And then they took us to dinner. But that’s for another post.

As we stepped outside, after spending two days of working in a dimly lit tunnel, we got a chance to stand back and look at what we had just created. Sure, it was for our client, but it told us something about ourselves as an agency too.

But before we get into all of that, let's go back to where it all began.

Last summer, Under Armour asked us to help them build some excitement around the reveal of the new kit they designed for English Premier League team Tottenham Hotspur.

What we presented was a digital experience that called on Spurs fans everywhere to don their team apparel and upload photos of themselves proving that they are the most passionate fans on the planet. Their reward? The chosen photos would forever become a part of White Hart Lane. The home stadium and hallowed ground for Spurs fans everywhere.

But once we had the idea, the fun began - how the hell we were going to pull it off?

We constantly find ourselves trying to do things we've never done before. It's always a challenge. Because, basically If we've never done it, how do we know that we're doing it right?

For this project we fittingly had the help of two guiding principles: "I Will." The mantra of Under Armour. And, "To Dare is to Do." The motto of Tottenham Hotspur. And with those words to inspire us, we charged forward.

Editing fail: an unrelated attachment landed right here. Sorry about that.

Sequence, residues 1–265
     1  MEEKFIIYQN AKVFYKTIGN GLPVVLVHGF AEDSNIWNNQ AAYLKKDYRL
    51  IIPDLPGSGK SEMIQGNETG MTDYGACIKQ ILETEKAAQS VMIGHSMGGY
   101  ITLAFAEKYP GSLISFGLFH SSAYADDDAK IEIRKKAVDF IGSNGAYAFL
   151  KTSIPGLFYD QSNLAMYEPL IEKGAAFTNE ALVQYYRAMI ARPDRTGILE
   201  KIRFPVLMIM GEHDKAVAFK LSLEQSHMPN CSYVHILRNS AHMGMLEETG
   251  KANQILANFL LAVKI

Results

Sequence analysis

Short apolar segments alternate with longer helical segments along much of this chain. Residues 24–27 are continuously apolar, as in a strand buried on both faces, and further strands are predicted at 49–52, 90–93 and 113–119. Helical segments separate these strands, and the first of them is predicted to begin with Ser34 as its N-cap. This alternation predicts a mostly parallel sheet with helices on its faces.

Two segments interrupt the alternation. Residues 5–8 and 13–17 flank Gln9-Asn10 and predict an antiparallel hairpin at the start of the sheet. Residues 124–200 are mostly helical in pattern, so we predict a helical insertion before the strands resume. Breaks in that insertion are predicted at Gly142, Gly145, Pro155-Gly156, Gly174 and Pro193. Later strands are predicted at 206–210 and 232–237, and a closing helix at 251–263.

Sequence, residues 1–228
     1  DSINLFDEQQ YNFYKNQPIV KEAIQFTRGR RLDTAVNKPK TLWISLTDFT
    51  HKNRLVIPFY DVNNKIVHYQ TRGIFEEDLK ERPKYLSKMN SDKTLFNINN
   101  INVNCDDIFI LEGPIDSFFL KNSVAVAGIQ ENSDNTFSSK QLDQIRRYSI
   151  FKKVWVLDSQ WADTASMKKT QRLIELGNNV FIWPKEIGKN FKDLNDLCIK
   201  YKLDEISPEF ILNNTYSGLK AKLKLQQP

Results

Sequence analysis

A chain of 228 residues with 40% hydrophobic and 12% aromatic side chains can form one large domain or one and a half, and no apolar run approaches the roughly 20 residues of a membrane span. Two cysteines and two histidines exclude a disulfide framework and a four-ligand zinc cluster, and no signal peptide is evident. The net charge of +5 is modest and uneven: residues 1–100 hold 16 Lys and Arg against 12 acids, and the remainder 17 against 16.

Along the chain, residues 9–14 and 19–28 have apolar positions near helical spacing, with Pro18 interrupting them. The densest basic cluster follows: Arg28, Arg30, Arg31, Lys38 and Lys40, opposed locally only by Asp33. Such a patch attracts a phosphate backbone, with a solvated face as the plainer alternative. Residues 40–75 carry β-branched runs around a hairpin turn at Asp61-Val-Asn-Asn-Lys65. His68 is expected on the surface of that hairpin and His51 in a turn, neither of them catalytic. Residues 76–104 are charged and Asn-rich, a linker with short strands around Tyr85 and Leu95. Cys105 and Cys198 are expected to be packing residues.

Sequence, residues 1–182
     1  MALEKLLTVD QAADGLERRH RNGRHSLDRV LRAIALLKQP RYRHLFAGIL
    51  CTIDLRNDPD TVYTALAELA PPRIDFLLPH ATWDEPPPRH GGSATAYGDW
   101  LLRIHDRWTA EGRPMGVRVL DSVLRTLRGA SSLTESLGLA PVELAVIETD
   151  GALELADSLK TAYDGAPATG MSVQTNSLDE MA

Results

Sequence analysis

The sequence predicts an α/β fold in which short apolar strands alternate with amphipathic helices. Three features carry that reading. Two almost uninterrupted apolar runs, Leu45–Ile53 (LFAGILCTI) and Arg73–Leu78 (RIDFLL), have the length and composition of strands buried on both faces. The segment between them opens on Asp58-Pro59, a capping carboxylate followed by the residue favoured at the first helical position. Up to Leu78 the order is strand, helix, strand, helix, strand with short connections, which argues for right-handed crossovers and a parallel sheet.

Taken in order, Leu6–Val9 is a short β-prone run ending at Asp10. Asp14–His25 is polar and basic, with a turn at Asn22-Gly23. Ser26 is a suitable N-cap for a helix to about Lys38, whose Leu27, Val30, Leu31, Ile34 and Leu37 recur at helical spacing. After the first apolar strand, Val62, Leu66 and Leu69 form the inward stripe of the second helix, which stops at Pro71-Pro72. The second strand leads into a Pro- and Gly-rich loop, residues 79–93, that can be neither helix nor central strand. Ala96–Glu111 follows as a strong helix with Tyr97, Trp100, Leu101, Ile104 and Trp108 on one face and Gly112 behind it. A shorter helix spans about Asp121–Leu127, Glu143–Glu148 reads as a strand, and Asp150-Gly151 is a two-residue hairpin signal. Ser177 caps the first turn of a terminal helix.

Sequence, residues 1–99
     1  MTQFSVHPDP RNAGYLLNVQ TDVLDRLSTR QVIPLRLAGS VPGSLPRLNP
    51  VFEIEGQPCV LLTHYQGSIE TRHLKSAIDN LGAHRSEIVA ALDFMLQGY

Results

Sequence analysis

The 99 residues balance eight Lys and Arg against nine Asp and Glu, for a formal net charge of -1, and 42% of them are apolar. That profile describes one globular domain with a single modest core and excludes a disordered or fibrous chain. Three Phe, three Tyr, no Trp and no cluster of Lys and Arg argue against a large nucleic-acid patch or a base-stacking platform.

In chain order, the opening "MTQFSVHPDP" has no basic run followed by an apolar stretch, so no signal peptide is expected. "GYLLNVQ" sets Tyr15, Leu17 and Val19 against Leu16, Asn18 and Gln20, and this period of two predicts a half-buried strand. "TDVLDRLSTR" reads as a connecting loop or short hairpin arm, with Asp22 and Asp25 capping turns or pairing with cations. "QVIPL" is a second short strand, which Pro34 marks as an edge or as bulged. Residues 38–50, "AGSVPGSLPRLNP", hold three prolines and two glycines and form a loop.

A project that at the onset seemed like it would be handled by a small team slowly built into something that brought together nearly every part of our agency. Strategy, account management, creative, digital, social, print production and everyone in between.

Over next few months, we saw the project come to life right in front of us as images of cheering fans flooded in from all over the world. And then it was in the hands of a small RTO+P team who sat on planes ready to cross the Atlantic and complete the final phase - literally building the new wall of fans inside The Lane. It was to become a monument to the most passionate Spurs fans in the world in the form of 2400 individual photos. 

Inside the player's tunnel we began, one by one, placing the photos on the wall in the exact spot digitally chosen by the fan in each photo. Seeing the pride in the team that each of these photos represented made the whole experience truly memorable. It was as if they were right there with us.

Two days later, the installation was complete. The photos of 2400 fans are now the first thing seen by Spurs players as they exit their locker room to take to the pitch before a match. A first of its kind monument to the passion that fans bring to the game and an enduring message to the Spurs, forever showing fan gratitude for their heroes.

But our work wasn't finished.